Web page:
I know it is very hard to believe that others could be better than oneself. But, you see, your answer says more about your bend of mind than about anything.
It is the same thing, when people here in Germany say, that everyone bribes for business. They don't believe it could be different and try to justify what they see going on in their companies, when they cannot overlook it. Usually, of course, people will just act as if it didn't happen.
Last edited by joG; 05-20-14 at 05:49 AM.
Good enough reason to impose economic sanctions on China IMO.
The USA needs to become much more isolationist anyways for economic recovery, especially in regards to China.
Last edited by Muhammed; 05-20-14 at 06:26 AM.
In terms of China's hardening positions with regard to disputed areas, China's actions reflect its growing power. In the past, China was more restrained simply because China was weaker, not because China held different views. Given the importance of the waterways in question and overlapping territorial claims, including those held by U.S. allies, this is one of the big reasons the U.S. can ill-afford to step back from the world as some in the neo-isolationist movement might desire. This does not mean that the U.S. and China need to embark on a path of confrontation, but cooperation in areas of common interest coupled with careful management of areas where their interests diverge will be important.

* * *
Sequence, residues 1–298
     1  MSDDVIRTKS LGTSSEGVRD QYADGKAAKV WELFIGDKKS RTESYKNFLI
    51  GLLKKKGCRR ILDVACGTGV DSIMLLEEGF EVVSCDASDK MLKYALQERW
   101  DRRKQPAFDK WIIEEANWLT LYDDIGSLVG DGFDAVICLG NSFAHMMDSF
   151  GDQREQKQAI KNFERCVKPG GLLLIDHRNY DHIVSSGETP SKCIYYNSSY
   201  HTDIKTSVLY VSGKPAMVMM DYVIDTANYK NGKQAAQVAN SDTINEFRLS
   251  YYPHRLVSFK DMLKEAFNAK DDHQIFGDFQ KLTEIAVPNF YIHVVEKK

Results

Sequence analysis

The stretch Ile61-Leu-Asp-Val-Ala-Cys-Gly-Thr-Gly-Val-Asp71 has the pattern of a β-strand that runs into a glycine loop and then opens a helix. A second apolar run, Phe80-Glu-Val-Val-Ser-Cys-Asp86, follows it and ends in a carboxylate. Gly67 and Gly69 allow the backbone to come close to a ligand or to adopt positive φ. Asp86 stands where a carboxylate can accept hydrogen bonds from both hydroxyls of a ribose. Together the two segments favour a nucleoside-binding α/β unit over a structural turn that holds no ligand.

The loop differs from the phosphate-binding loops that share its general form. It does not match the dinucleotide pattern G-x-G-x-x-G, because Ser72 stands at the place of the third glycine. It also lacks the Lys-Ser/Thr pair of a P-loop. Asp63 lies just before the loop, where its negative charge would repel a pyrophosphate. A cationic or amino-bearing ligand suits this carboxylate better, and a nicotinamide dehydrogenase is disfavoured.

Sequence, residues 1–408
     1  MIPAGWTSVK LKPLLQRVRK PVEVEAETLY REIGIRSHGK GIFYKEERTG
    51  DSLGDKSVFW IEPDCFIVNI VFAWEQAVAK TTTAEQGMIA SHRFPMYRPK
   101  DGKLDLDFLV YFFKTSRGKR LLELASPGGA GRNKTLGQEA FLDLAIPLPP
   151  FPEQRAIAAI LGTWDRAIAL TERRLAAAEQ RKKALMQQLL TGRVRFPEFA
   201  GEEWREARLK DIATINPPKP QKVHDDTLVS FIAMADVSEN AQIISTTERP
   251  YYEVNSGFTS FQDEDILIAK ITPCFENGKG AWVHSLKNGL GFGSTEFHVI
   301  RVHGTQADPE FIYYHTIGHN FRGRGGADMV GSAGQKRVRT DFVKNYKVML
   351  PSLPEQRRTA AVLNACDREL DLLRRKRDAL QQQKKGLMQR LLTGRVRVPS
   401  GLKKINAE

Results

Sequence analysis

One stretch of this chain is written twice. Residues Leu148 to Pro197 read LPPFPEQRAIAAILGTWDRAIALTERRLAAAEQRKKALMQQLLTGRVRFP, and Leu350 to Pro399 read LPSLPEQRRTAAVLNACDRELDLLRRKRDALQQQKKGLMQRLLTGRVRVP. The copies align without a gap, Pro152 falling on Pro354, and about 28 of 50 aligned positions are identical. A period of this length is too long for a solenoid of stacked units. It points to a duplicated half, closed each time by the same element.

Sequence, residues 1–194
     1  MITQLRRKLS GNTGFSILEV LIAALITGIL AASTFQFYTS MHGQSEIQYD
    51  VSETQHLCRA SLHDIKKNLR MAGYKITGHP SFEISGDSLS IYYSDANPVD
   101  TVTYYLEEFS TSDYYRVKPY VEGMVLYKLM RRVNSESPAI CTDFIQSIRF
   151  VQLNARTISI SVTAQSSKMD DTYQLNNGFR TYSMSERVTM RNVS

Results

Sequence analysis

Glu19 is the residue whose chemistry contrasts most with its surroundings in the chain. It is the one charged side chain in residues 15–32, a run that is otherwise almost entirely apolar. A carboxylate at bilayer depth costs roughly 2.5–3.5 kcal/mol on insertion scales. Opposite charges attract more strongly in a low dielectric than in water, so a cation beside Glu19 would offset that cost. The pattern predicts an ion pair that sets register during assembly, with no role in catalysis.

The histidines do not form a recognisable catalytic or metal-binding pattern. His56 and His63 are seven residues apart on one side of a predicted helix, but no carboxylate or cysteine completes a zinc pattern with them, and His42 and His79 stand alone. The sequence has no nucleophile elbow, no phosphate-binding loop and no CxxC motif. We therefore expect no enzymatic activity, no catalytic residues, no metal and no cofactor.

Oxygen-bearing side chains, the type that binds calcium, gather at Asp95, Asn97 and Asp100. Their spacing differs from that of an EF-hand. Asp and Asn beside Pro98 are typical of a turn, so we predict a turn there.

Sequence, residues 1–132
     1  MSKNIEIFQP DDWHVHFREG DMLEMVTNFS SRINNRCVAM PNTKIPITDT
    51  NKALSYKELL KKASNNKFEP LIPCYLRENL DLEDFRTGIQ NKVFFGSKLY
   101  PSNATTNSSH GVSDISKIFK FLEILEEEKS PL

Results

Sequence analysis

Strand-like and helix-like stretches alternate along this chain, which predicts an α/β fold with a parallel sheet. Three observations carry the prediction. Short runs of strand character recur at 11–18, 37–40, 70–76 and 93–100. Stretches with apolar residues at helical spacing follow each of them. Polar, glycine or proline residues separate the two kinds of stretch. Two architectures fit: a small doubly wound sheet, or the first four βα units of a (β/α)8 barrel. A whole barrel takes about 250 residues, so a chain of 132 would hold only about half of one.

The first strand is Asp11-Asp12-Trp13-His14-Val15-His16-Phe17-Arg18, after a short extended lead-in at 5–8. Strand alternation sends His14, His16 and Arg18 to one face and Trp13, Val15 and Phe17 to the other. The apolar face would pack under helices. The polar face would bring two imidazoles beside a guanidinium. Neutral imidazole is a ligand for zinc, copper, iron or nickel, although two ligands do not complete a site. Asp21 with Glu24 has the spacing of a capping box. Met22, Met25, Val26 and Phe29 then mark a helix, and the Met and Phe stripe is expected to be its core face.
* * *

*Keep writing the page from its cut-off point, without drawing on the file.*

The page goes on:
Considering the wars we waged in Central & South America for various private companies like United Fruit Company and others, I am skeptical that the US does not conduct industrial espionage.
Considering that the NSA & DEA gather and record every single cellphone call made in, to or from the Bahamas of all places, how much further is it to conduct industrial espionage in countries with industry?
I'm not sure why there is so much hesitation to acknowledge that major Intelligence agencies engage in industrial espionage. Technologies, information, and knowledge often have national security implications. Hence, it makes sense for Intelligence agencies to be aware of such technologies, information, and knowledge, understand it, and ensure that their nations can apply it. That such technology is under patent is irrelevant. Otherwise, countries risk deliberately putting themselves at a qualitative disadvantage when it comes to national security. To do so would be an enormous failure of their national security responsibilities, even as national security is among the primary functions of government.
Merkel called and she wants her phone back.
‘This is not peace, it is an armistice for 20 years.’ (Ferdinand Foch. After the Treaty of Versailles, 1919).